Measuring Up Your Keywords and Conversions

Tuesday, October 6, 2009 | 10:00 AM

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As legend has it over 2,200 years ago Archimedes was challenged by King Hiero II to discover whether his new crown had been made from pure gold or mixed with lesser metals. Figuring out how to measure the volume of the crown with its irregular shape presented Archimedes with a major task.

Today's PPC managers face a similar measurement challenge. Namely, how do you model exactly how much each keyword contributes to each of your conversions? And given that PPC drives nearly 1 in 5 visits to UK retail websites [1], such models are more and more likely to find their way onto CFO and CEO desks.

At one end of the spectrum is 'last click' attribution. Simple and straightforward, the only keywords that count are those that lead directly to a conversion.

Most people would concede however, that this method is not the ideal way to measure keyword conversions as it doesn’t consider how much of their previous search activity led to the final purchase. The 'consumer journey' has already been the subject of much discussion. But what then is the other end of the spectrum? How do you attribute important metrics like new customers and lifetime value to a keyword? A 90 or 180 day cookie, tracking everything and anything? The data could be overwhelming.

Research commissioned by Google indicates that as many as 40% of conversions occur after 4 weeks from when a shopper first performed a search related to the goods or services they purchased. Yet no one wakes up in the morning and says to themselves: “Today I will start my journey to buy a new coat, it will take 18 days for me to finally get there and buy it”. You make a start by seeing what products are available; take ideas from various sources and then when you think you have found the best item and deal, you make your purchase.

Is this because we all love browsing, or because it can be difficult sometimes to find exactly what you want? Like many things, it is probably a combination of the two. The Consumer Decision Journey recently published in the McKinsey Quarterly [2] discusses these moments of influence and how the 'purchase funnel' may be a different shape from what was once thought.

One thing that should gain the consensus of agreement though is that the consumer journey is path dependant. That is, each subsequent step is dependent on the experience from the previous point.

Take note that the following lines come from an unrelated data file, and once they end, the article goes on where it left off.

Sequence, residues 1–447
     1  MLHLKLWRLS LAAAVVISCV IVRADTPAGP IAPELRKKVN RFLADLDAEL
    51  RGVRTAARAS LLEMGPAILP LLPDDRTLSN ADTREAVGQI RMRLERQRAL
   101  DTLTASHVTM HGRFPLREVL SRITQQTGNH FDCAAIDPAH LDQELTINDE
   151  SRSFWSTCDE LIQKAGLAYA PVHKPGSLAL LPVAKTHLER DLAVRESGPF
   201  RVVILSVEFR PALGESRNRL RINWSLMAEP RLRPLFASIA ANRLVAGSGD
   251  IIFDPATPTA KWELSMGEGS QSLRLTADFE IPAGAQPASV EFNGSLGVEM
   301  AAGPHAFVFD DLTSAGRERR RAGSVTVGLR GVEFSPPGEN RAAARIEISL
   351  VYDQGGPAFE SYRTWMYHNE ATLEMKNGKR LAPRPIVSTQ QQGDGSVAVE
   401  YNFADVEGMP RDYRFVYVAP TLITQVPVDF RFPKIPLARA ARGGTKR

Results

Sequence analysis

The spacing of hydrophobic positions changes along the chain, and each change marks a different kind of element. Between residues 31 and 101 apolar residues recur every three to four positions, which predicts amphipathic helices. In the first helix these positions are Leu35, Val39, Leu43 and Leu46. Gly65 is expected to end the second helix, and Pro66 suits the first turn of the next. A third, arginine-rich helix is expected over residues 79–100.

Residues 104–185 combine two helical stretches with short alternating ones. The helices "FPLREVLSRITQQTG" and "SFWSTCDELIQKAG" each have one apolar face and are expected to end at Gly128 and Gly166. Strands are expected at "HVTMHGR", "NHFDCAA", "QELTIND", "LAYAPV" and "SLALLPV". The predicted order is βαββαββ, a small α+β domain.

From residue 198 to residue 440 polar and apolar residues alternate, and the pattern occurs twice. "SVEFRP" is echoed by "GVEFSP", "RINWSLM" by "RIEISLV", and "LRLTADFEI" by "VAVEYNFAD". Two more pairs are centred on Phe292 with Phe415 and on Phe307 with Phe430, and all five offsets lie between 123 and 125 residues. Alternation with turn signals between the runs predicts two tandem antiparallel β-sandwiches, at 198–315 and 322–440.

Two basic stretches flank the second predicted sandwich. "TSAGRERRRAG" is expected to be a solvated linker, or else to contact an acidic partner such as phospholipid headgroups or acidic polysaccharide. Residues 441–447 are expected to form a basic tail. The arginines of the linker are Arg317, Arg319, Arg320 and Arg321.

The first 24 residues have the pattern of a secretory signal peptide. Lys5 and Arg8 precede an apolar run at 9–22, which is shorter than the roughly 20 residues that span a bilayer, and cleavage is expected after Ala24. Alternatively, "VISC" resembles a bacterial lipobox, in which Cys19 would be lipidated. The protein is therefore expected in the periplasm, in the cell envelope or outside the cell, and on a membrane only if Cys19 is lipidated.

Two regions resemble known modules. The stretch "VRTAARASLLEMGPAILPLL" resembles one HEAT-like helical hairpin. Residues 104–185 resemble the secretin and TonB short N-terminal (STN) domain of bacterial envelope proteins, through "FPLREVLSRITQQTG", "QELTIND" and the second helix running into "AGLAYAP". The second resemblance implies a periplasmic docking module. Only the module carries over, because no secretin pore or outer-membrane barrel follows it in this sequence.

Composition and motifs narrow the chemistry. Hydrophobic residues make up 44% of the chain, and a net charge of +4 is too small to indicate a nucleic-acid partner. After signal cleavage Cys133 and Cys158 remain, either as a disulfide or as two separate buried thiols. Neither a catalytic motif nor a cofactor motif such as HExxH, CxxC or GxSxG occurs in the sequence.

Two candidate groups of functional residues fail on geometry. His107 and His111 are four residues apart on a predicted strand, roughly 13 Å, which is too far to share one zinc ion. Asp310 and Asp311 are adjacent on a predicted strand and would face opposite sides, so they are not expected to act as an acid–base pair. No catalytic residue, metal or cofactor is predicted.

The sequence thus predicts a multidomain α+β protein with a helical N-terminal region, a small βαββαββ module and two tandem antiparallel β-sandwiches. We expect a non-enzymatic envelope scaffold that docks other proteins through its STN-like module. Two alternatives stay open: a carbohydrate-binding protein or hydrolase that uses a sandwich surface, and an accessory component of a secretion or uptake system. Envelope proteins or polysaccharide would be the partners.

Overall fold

Accepting this, how much can each of these prior steps claim to have led to the final conversion? Not an easy answer given the total number of steps, the media involved and the time taken. Within the overall context of search however, comScore can shed some light on the path dependant nature of conversions within three major consumer categories [3]:

Metric

Clothing

Computers

Mobile Phones

No. of searches per conversion

5.7

5.0

4.7

No. of site visits per conversion

11.9

12.6

9.4



So how do individual Retailers start to better understand and act on the challenges posed by accurately measuring their own conversions?

You don’t necessarily need another Archimedes, but certainly someone who will take responsibility for devising how you go about measuring your conversions. In this case, using data from your web analytics package to discover exactly how each keyword pays it way. There are numerous bid management programs on the market too that can make life easier; not to mention third party consultants who can help install and make sense of analytics. Today, retailers of any scale just have too many keywords to do this manually and hope to achieve their own “Eureka!” moment.

[1] Hitwise UK, Shopping and Classifieds category, August 2009
[2] http://www.mckinseyquarterly.com/Marketing/The_consumer_decision_journey_2373
[3] comScore custom analysis- UK Population, 15+ Home and Work, Q4-2007 activity

1 comments:

Anonymous said...

What should I be looking at in my analytics in the run up to Christmas?